Two productions I reviewed before are being remounted in Toronto. The Last Wife by Kate Hennig played at the Stratford Festival for a sold-out run in the summer of 2015 and The Winter’s Tale produced by the Groundling Company had an equally successful run last year through the Coal Mine Company.
Both productions are being remounted and both are exquisite.
The Last Wife
At the Young Centre for the Performing Arts, Toronto, Ont.
Written by Kate Hennig
Directed by Alan Dilworth
Set and costumes by Yannik Lariveé
Lighting by Kimberly Purtell
Composed and sound by Alexander MacSween
Cast: Maev Beaty
Jonah Q. Gribble
Katherine Parr was Henry VIII’s last wife. He saw her at a party, forced an introduction by one of his courtiers and proceeded to tell her she would be his next wife. That she was already married was not a hindrance. Her husband was sick and Herny had patience, sort of. Kate was also involved with the courtier so things could be rather dicey.
Henry called her Parr since he had previous wives who were called Katherine and it ended badly with him and them. She is referred to as Kate in Kate Hennig’s smart, gripping, bracing play. While Hennig has certainly referenced the history and intrigue going on at the time of Henry VIII, The Last Wife is presented in modern dress because it’s a decidedly modern play. Hennig has created Kate Parr as an astute, keenly intelligent woman aware of court intrigue, but still needing to sharpen her wits. She could argue and reason with Henry in a way that he appreciated.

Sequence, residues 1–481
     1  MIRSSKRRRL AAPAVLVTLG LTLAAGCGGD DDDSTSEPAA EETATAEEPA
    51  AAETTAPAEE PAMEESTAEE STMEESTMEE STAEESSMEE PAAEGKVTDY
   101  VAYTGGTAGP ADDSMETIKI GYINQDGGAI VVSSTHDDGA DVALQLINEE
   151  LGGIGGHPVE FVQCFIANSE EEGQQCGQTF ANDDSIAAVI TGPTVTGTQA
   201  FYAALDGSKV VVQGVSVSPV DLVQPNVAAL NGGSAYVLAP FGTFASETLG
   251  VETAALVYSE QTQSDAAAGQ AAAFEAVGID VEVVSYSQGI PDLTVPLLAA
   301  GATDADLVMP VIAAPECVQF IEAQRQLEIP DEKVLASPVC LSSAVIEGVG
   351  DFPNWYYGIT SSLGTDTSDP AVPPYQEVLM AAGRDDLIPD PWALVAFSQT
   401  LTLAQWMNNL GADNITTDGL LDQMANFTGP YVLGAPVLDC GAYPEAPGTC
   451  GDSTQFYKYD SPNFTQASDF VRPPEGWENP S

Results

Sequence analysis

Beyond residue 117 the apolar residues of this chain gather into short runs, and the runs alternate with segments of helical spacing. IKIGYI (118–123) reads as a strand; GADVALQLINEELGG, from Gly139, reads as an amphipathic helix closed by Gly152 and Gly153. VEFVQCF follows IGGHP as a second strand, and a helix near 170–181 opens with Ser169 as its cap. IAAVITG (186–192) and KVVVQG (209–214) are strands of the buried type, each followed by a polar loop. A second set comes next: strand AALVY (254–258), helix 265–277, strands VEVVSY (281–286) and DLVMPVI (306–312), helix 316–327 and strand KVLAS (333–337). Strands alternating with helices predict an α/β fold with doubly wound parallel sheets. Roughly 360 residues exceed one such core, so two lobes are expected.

Kate successfully argued that Henry’s daughters Mary and Elizabeth should at least be considered of equal rank as Henry’s son Edward. Henry would not even bring himself to acknowledge that they were princesses. To do so would in fact acknowledge that they were royal. In the end Kate won.
The play is pulsing with emotion and political intrigue. You get a good sense of the matching of wits between Henry and Kate, but you are never in doubt that Henry was one formidable character who could end a person’s life with one word.
You were never in doubt of that in Alan Dilworth’s fine, gripping production. The Baillie Theatre (at the Young Centre for the Performing Arts) has been reconfigured so that the audience is on both sides of the stage as well as in front of it, thus suggesting a thrust stage—as it was at Stratford.
Exits and entrances are through the audience as before. If anything, the production is richer, tighter and deeper in this remount. Truth to tell, I thought the Stratford production was pretty fine.